In vivo lung morphometry with hyperpolarized 3He diffusion MRI: Theoretical background

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Abstract

MRI-based study of 3He gas diffusion in lungs may provide important information on lung microstructure. Lung acinar airways can be described in terms of cylinders covered with alveolar sleeve [Haefeli-Bleuer, Weibel, Anat. Rec. 220 (1988) 401]. For relatively short diffusion times (on the order of a few ms) this geometry allows description of the 3He diffusion attenuated MR signal in lungs in terms of two diffusion coefficients-longitudinal (DL) and transverse (DT) with respect to the individual acinar airway axis [Yablonskiy et al., PNAS 99 (2002) 3111]. In this paper, empirical relationships between DL and DT and the geometrical parameters of airways and alveoli are found by means of computer Monte Carlo simulations. The effects of non-Gaussian signal behavior (dependence of DL and DT on b-value) are also taken into account. The results obtained are quantitatively valid in the physiologically important range of airway parameters characteristic of healthy lungs and lungs with mild emphysema. In lungs with advanced emphysema, the results provide only "apparent" characteristics but still could potentially be used to evaluate emphysema progression. This creates a basis for in vivo lung morphometry-evaluation of the geometrical parameters of acinar airways from hyperpolarized 3He diffusion MRI, despite the airways being too small to be resolved by direct imaging. These results also predict a rather substantial dependence of 3He ADC on the experimentally-controllable diffusion time, Δ. If Δ is decreased from 3 ms to 1 ms, the ADC in normal human lungs may increase by almost 50%. This effect should be taken into account when comparing experimental data obtained with different pulse sequences.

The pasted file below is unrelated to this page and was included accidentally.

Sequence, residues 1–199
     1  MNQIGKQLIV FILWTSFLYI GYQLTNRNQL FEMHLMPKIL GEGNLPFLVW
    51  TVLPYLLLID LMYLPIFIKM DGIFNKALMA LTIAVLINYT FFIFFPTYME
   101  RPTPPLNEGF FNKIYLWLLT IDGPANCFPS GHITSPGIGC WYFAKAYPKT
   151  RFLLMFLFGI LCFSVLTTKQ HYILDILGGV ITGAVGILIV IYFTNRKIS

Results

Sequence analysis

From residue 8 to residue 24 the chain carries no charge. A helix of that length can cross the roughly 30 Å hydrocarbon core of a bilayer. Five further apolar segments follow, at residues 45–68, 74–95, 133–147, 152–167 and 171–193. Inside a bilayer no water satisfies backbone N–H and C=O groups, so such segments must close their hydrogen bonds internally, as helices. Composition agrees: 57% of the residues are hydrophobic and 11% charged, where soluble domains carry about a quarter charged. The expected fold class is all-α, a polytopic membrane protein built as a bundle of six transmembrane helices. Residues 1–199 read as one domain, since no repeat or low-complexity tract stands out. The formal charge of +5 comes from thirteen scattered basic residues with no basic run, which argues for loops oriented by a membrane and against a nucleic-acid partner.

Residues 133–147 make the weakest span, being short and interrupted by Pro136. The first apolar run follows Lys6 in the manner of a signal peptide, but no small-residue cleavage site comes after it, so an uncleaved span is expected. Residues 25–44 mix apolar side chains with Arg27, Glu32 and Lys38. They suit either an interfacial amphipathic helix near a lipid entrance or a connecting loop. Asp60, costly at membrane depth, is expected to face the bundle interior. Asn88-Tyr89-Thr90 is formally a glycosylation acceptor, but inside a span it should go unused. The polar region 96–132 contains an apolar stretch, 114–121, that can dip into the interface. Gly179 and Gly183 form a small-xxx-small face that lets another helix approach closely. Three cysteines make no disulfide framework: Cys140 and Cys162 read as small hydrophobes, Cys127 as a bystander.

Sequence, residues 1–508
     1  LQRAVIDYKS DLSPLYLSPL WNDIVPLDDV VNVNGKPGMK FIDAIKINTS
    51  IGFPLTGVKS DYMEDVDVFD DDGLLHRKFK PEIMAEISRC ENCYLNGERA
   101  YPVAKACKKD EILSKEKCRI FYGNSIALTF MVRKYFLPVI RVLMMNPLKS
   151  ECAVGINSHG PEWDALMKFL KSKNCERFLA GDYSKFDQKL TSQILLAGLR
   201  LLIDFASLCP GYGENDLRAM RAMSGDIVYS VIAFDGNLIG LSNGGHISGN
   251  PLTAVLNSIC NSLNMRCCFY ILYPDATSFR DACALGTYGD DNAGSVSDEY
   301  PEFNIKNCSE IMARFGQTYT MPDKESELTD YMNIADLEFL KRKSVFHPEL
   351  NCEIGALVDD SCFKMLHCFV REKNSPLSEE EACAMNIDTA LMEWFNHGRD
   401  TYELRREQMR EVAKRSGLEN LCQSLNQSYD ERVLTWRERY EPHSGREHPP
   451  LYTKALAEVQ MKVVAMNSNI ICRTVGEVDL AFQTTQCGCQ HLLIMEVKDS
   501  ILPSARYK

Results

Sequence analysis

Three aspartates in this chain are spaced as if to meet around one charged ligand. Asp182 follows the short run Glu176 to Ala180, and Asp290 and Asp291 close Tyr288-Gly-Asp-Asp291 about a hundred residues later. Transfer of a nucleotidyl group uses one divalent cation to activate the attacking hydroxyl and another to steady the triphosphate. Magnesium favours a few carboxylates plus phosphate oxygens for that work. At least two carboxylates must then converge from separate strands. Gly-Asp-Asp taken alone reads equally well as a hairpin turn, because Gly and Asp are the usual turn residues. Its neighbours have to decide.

Original languageEnglish
Pages (from-to)200-210
Number of pages11
JournalJournal of Magnetic Resonance
Volume190
Issue number2
DOIs
StatePublished - Feb 1 2008

Keywords

  • Apparent diffusion coefficient
  • Diffusion MRI
  • Hyperpolarized gas
  • Lung airways

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